Tuesday, October 7, 2008

Trying to get engaged

For some time now I have not been applying myself wholeheartedly to anything. At work, I have been in a position that doesn't require significant application of brain power. As senior engineer in the company, I'm assisting people on their more difficult problems. I'm coordinating training courses, and on occasion teach one. That has taken up a lot more time than I expected it to do. But it's easy. Make calls, send e-mails, repeat. I spend a lot of time on what I call research and development, studying new trends in our business, taking notes, plan some training, write some simple design guides or specifications--most enjoyable, but not brain taxing.

For the last several weeks I have disengaged from writing. All I'm doing is organizing, filing, and typing a few things I wrote some time ago. I'm also back-checking the latest round of edits on Doctor Luke's Assistant before discarding the mark-ups. I was working on some new Bible studies to write, but I've set those aside as well. Oh, yes, I also wrote a couple of haiku over the last weeks. These were not simple 5-7-5 ones, but rather well-thought out for the fundamental haiku elements.

Work around the house doesn't take much effort, nor does the reading list I'm going through. So I have felt my brain slowly disengaging. Certainly at work it is somewhat, and now off work it is as well. This is a terrible feeling in a way, for I have always had my brain engaged in many things; scattering concentrated thought around many projects. Now it seems the toughest thing I have to decide is whether to keep a certain piece of paper or not, and if kept where to file it. I wrote a triolet about this sort of thing last November:


I long to live that day when I will rest,
and cease to tax my brain. Then I will die
and stand before my Maker. Yet, I'm blessed;
I long to live! The day that I will rest
is somewhere out there, far beyond the quest
that now demands I try, and fail, and try.
I long to live that day when I will rest
and cease to tax my brain, then I will die.

But beginning last week, really Friday of the week before that, I began working on a project at work I had put off for a long time. It required learning a new computer program, and what I feared would be tedious work depicting a large drainage basin for calculating flood flows. Only one person in the office knew the program, and I didn't think he knew it much. While waiting on him to answer an e-mail of a request for help, I worked on learning the program myself through reading the manual and just trying stuff. I got pretty far along, far enough to enter a dummy project and get it to run. I finally had this training session and it turned out the guy didn't know any more than I did at that stage.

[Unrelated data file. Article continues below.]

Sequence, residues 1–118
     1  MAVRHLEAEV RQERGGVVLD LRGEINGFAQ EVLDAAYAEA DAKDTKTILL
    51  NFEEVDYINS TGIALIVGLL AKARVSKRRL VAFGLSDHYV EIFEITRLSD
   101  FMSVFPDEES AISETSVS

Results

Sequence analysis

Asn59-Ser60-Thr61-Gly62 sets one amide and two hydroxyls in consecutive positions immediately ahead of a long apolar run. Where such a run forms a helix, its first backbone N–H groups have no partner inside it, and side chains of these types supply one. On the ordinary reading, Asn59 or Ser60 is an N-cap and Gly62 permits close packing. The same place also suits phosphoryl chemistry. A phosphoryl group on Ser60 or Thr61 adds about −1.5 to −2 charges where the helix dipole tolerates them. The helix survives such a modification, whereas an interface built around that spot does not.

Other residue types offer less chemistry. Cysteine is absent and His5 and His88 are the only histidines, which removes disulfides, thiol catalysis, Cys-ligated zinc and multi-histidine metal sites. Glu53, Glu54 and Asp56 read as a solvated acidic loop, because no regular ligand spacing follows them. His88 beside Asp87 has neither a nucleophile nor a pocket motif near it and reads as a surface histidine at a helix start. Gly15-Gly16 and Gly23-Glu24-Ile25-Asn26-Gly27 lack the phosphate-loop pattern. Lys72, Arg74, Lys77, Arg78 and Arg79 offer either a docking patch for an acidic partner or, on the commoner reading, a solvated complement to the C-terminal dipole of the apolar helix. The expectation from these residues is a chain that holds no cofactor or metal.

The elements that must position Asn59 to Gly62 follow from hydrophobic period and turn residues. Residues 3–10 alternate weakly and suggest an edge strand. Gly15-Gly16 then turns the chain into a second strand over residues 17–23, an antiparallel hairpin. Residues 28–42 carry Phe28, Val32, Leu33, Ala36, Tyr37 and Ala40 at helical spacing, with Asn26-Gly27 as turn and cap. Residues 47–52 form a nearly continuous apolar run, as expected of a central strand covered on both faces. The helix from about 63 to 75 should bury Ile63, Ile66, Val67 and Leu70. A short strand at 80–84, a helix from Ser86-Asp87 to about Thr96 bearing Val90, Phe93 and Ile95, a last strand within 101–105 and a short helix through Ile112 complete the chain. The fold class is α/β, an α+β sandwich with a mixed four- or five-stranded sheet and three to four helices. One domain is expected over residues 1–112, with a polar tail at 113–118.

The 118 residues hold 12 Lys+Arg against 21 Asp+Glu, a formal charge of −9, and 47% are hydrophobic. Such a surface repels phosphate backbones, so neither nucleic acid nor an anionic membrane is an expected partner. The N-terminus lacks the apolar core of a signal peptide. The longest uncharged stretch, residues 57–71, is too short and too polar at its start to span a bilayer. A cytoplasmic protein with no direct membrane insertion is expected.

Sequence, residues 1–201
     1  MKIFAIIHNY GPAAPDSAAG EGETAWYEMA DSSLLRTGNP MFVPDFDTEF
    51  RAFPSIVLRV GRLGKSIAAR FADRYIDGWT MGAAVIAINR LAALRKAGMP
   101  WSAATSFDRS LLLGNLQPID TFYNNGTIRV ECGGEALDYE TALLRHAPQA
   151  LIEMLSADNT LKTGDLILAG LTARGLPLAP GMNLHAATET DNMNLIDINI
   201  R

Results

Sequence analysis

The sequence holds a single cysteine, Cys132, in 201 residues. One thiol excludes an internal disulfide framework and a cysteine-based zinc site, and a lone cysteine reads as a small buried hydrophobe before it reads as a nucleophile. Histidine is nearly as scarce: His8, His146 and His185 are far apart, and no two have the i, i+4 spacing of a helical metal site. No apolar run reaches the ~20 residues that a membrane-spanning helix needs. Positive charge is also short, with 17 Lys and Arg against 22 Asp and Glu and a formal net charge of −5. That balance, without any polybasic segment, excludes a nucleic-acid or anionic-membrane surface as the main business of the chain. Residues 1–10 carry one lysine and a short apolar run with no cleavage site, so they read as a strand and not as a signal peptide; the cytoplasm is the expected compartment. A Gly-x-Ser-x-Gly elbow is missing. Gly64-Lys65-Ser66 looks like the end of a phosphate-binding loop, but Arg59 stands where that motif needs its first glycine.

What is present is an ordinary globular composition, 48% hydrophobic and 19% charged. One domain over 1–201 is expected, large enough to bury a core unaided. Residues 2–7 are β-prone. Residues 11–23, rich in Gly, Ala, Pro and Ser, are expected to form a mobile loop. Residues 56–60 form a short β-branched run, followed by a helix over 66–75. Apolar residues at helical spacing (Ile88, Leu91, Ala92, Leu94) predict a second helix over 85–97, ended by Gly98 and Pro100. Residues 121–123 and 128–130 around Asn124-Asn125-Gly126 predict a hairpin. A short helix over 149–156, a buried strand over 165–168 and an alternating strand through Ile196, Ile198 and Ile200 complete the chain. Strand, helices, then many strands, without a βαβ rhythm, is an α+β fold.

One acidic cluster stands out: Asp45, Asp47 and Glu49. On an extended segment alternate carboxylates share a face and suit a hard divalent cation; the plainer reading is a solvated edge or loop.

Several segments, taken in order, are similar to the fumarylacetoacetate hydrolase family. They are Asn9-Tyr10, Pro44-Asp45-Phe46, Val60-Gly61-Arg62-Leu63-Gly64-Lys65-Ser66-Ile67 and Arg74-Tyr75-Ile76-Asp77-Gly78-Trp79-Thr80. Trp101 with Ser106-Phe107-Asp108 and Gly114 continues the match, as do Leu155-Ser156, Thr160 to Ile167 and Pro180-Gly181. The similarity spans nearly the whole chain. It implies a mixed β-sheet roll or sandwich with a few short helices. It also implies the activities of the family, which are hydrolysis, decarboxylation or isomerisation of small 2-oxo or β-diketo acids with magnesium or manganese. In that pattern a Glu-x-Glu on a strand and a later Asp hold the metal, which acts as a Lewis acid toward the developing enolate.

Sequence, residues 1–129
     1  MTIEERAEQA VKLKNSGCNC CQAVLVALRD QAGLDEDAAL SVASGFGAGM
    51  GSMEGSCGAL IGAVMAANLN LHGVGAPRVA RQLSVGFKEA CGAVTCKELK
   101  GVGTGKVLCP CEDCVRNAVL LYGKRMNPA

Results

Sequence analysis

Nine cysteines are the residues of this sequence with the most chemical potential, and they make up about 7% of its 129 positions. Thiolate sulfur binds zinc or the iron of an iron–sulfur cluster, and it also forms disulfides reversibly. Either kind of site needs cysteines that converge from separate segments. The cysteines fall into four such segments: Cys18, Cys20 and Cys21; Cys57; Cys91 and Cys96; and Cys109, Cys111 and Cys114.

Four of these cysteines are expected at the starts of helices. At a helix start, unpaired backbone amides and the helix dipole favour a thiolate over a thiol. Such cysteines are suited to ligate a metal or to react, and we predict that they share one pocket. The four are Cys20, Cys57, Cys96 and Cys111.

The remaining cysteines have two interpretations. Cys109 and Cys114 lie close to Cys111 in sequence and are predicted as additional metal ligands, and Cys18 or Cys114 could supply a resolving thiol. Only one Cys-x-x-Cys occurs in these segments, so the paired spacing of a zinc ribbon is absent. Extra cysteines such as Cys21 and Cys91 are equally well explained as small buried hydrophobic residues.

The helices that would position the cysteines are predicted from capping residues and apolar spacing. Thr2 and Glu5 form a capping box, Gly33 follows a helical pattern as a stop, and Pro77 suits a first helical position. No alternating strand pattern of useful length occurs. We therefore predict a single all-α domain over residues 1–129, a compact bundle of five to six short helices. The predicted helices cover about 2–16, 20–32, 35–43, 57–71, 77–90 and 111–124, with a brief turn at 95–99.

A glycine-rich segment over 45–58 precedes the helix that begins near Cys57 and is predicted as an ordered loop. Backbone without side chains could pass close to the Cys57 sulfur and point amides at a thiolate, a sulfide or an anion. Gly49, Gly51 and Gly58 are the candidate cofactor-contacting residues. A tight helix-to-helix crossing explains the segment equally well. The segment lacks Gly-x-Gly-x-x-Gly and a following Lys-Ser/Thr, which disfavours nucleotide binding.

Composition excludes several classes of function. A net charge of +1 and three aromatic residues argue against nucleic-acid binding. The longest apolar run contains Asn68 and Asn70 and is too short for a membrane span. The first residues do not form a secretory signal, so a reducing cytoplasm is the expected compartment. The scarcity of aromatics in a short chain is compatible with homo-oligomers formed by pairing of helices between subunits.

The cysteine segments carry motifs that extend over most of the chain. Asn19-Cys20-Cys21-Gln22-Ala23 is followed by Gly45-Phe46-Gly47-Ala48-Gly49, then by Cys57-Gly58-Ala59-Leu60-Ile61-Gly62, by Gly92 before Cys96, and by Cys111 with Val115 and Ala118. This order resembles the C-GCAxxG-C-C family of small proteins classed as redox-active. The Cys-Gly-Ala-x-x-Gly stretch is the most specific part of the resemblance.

As I feared, the work is extremely tedious. It requires me to really think about what I am doing. My brain as a consequence has rebelled. By the time I finish a full day of working on that, I have nothing left to think at home. Hence I have been reading, doing a few of these simple writing things, and playing mindless computer games. For an hour or more.

My hope is that this difficult project at work will be like exercise for my brain. Can the brain atrophy, like one of the voluntary muscles? When I cease to tax my brain, will I then die--intellectually if not physically? Hmmm, enquiring minds want to know. Hopefully this will turn out to be good for me. Maybe a few more days of having to use my brain the full eight hours at work will strengthen it, and I will find myself with something left in the skull come evening. Hey, this evening I had enough left to write this post.


Anonymous said...

Just fatigue and generally bad news in the larger world. Get your rest for a while and recharge. -Gary

David A. Todd said...


Thanks for the post, and sorry it took me so long to reply. As you see in my next post the whirlwind just never stops. Recharging from this one will just prepare me for the next.

I conclude it is not a good idea to dream of accomplishing great things. It's not good for the equilibrium.